Greg Bretzing, the FBI's special agent in charge in Oregon, said Thursday the video included the shooting of Finicum was released "in the interest of transparency."
"We know there are various versions of what occurred during this event: most inaccurate, some inflammatory," Bretzing said. "To that end, we want to do what we can to lay out an honest and unfiltered view of what happened and how it happened."
Finicum drove away from law officers
Sharp said the caravan had left the wildlife refuge in the middle of the afternoon, headed for the town of John Day. Finicum's truck was ahead of Ammon Bundy's Jeep.
The teen said she was in the truck's back between passengers Ryan Bundy and Shawna Cox. Another occupier was in the front passenger seat.
While the Jeep stayed at the stop, a standoff was developing between Finicum -- who had driven a distance up the road -- and numerous officers.
Sharp had fallen asleep in Finicum's truck when she woke with a start. She was confused at first, then saw a number of police vehicles. Finicum didn't want to get out of the car, and was determined to try and drive to the local sheriff on his own, she said.
Sharp said the passenger in the front of the truck, Ryan Payne, stuck his head and hands out of the window. He then said, "They fired at me." Payne exited with his hands up and surrendered, officials said.
The FBI's statement does not mention any shot fired toward the truck this early in the standoff.
Sharp insisted she heard a shot and said that's why she didn't exit the vehicle immediately. For 3 minutes and 47 seconds, the FBI video shows the white truck idling in the road.
"LaVoy was talking to them. He was not aggressive in any way to them," said Sharp. "He said, 'We're going to talk to the sheriff. You need to leave us alone, back down.'"
The people in the truck were discussing what would happen if Finicum drove off, Sharp told CNN. The FBI said its agents and state troops gave verbal commands for the truck occupants to surrender.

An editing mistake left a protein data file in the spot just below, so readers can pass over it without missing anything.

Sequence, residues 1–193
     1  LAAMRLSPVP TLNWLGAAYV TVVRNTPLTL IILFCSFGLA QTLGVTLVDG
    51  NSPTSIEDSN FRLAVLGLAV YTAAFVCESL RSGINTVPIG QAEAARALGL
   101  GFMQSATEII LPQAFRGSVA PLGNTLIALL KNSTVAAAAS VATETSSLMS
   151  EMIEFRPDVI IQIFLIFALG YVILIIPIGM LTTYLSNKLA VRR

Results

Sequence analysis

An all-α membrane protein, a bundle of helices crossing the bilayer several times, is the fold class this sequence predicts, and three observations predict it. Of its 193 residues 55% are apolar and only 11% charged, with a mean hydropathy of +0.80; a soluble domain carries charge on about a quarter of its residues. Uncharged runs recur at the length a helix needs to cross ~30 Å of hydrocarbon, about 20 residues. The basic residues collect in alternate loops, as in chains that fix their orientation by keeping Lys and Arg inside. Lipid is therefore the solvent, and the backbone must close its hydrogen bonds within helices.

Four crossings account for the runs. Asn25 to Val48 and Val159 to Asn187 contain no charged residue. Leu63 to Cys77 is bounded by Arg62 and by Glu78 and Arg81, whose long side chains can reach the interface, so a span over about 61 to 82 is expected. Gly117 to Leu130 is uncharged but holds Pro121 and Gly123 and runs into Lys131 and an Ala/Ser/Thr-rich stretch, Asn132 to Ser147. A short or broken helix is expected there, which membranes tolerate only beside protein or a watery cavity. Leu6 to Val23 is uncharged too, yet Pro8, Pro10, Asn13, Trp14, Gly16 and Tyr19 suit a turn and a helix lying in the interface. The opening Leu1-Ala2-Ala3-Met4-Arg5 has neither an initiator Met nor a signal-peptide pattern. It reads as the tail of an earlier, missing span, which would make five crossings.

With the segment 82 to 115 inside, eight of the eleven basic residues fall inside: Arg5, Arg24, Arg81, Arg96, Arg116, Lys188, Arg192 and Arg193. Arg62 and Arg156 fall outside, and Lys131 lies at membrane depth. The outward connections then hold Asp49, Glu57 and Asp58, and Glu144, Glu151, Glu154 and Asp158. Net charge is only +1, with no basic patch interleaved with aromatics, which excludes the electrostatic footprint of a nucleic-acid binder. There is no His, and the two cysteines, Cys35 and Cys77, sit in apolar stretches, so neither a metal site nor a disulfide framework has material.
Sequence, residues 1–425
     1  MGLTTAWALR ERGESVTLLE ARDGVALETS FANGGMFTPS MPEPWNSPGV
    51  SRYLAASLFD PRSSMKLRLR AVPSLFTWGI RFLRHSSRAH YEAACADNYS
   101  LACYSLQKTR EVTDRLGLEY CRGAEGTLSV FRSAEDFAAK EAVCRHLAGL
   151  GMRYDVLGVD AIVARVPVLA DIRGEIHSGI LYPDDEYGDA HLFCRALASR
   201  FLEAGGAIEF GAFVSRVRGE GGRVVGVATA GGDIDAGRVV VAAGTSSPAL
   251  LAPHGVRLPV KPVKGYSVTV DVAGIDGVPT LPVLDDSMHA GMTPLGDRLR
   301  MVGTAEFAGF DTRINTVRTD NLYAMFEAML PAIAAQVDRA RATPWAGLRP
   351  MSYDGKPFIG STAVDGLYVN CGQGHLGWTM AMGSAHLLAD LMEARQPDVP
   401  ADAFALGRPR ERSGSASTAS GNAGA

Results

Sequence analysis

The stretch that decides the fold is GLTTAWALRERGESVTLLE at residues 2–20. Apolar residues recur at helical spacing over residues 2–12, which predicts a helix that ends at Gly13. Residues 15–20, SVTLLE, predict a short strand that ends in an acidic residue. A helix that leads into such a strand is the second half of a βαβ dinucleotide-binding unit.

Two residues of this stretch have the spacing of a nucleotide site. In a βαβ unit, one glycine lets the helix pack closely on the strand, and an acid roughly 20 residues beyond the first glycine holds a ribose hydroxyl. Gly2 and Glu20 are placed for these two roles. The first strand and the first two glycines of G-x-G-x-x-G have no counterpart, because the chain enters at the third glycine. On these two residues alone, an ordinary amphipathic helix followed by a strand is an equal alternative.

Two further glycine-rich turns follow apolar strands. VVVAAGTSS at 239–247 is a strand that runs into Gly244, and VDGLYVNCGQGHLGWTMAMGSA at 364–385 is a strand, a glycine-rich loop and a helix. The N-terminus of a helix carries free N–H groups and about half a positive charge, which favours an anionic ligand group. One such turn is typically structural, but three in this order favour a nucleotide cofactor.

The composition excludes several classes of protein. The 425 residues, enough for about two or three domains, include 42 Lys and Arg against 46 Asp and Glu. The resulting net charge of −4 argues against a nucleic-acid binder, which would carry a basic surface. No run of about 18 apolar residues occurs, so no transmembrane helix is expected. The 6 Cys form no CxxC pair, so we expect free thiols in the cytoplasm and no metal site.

LaVoy Finicum remained determined to try to see the sheriff on his own, said Sharp. "And then he said, 'Hey guys, I'm going to drive.'"
Shawna Cox told her to get down, Sharp said. "'They might shoot when he starts driving,'" she says Cox told her.
Minutes later, the truck encountered another roadblock and went into the snow bank.
'People lost their lives for our freedom'
In an emotional news conference after Tuesday's confrontation, Harney County Sheriff Dave Ward placed the blame for Finicum's death squarely on the armed occupiers. But Victoria Sharp doesn't see it that way, deflecting all blame to the federal government for Finicum's death.
Sharp, who calls the Bundys family friends, said Finicum's death will inspire others to engage in future protests of the federal government.
"I'm more wiling now than before to expose what the federal government is doing because it's worth it. If I lose my life for the future of America it's worth it. People lost their lives for our freedom. And if I lose mine for the freedom of others, than it's worth it."
On Monday, nearly a week after the shooting, four people continued to occupy the refuge.
Supporters and opponents of the occupiers faced off Monday in front of the Harney County Courthouse for what amounted to dueling rallies, with both sides chanting and occasionally shouting profanity.
And the situation continued for another day.